One of the most beautiful hiking experiences in Kalavryta is the descent into Vouraikos Gorge along the lines of the rack railway. The total distance of the route, starting at the Kalavryta Railway Station and ending at the Diakofto or Diakopto Station, is 22,346 meters, and the hiking time will range from 4 ½ to 6 hours (with stops).
Kalavryta's history is closely connected with the rack (or cog) railway, which includes a toothed rack rail (between the regular rails) that meshes with toothed wheels on the trains in the parts of the route with steep inclines. Construction of this railway began in 1889 (as directed by Prime Minister Charilaos Trikoupis) and was completed in 1896. It was one of the most difficult, complex technical projects of its time (and even by today's standards). The research and construction were carried out by French engineers and contractors. The toothed portion of the route covers a total of 3,400 meters. From 2003 to 2009, there was a large-scale renovation of the whole network and of the toothed equipment, with a widening of the tracks and installation of larger trains.
In terms of difficulty, the trail is moderate, but great care is needed when crossing the bridges and passing through train tunnels in order to avoid finding yourself “confronted” with the train! Along the way, we will encounter many tunnels carved into the rock, with just enough space for the little train to pass through, and several iron railway bridges with a gap below them that looks scary. There are cement kilometer indicators by the tracks that show you how much of your journey remains.
Officially, hiking on the tracks is prohibited, so if you proceed, you do so at your own risk and should be extremely careful to avoid accidents. It is essential to know the train schedules so that you can calculate where the train is at any time. The train’s route takes approximately 60 minutes on the ascent and 50 minutes for the descent. On weekends during the tourist season, the train runs more often.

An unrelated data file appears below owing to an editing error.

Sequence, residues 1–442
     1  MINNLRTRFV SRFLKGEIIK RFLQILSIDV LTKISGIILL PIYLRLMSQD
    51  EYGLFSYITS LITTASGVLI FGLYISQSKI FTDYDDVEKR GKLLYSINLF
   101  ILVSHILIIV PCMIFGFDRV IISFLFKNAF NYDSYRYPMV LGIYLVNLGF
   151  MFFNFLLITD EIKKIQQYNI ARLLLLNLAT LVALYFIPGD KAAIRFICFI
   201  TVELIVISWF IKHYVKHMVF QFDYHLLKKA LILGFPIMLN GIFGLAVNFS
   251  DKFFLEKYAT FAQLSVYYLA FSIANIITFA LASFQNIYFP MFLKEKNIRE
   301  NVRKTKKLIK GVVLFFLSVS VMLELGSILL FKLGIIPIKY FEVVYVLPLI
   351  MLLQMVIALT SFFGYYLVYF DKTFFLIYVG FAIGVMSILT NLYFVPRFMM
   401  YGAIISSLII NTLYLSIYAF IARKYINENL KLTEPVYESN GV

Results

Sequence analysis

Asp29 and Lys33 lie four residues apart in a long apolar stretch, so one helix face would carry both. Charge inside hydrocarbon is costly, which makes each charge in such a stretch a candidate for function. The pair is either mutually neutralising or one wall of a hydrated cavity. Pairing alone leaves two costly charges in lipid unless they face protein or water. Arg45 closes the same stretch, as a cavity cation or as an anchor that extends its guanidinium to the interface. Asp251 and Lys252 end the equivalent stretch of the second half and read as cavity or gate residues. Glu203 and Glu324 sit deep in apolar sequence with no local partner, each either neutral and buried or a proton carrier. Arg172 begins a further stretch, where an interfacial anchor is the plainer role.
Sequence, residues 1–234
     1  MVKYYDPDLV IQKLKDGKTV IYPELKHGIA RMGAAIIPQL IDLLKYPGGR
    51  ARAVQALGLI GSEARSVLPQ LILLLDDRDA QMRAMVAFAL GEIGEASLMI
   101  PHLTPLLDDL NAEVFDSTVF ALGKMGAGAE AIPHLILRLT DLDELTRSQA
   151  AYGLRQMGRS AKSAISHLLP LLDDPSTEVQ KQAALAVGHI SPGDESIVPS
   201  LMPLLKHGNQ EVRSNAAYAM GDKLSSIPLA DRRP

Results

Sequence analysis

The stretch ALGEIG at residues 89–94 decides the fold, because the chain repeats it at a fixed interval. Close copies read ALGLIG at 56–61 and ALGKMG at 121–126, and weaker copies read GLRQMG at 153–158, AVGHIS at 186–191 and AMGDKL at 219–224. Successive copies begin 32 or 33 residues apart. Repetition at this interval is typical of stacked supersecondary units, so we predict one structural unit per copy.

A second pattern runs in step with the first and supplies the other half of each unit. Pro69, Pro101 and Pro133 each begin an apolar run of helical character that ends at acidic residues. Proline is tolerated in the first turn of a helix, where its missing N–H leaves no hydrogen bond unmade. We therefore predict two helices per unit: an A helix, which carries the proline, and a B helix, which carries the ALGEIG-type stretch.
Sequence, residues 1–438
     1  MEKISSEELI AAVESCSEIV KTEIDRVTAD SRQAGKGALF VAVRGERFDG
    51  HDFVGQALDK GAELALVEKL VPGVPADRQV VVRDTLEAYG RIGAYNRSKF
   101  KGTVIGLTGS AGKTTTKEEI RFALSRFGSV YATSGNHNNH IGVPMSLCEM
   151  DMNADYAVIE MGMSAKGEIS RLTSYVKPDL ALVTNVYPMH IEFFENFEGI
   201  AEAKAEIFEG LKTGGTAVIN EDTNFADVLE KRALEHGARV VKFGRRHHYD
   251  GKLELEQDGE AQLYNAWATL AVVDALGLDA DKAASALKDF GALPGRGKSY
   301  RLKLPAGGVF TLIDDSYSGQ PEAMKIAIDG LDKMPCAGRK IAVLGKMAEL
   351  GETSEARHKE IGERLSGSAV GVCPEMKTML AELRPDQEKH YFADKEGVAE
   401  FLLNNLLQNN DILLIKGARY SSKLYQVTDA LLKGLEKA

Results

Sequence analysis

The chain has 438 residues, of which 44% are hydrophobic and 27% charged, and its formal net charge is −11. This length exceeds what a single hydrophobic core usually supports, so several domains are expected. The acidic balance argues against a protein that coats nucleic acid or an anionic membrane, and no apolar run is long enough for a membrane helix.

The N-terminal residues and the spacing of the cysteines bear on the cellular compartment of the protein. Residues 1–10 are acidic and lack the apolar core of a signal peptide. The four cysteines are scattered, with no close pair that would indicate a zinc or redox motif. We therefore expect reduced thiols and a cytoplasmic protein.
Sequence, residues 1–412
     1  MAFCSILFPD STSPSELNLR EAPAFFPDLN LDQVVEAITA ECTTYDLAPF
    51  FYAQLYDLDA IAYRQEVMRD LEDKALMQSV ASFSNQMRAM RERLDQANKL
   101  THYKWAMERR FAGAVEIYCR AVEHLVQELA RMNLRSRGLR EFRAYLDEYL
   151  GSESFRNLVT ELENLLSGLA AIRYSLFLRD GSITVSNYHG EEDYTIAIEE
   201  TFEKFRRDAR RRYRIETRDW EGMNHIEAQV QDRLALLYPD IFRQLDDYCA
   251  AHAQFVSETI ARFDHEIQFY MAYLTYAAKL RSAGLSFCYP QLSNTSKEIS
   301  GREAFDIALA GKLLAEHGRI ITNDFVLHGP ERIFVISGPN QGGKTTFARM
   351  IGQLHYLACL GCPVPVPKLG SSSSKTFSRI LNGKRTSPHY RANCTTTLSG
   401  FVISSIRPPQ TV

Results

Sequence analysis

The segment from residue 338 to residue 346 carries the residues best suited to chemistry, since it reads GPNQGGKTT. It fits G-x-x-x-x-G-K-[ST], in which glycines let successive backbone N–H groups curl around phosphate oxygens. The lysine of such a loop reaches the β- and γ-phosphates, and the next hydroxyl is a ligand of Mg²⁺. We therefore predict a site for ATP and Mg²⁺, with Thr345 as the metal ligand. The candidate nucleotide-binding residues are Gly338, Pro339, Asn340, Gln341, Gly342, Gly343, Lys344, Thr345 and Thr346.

One could divide the route into three main segments. The first part covers the section from the station in Kalavryta to the station of Kato Zachlorou and is approximately 10 kilometers long. The second part, which features the most striking natural beauty, continues for another seven kilometers to the station in Niamata. The last part, which is less interesting than the others, continues for approximately five more kilometers and ends at the Diakopto Railway Station. An alternative route could start at Kato Zachlorou, descend to Niamata, and return back to Zachlorou (with an elevation change of about 450 meters).
The journey begins gently on relatively flat terrain, crossing the valley of Vouraikos. Our first point of interest (about 4 kilometers from the beginning) is the next rack railway stop after Kalavryta, Stasi Kerpinis. A few meters above the station in Stasi Kerpinis, we can see the newly constructed Church of the Holy Apostles Peter and Paul, and next to it the monument to four patriots who were executed on this spot by German occupation troops on December 9, 1943.
Starting at Stasi Kerpinis, the landscape becomes more interesting: we come across the first metal railway bridge and begin to move parallel to the river. In the background, the towering vertical cliffs of Mega Spilaio, the historic Monastery, emerge, and above it the imposing building of the “Castle”, or “Kastro” in Greek.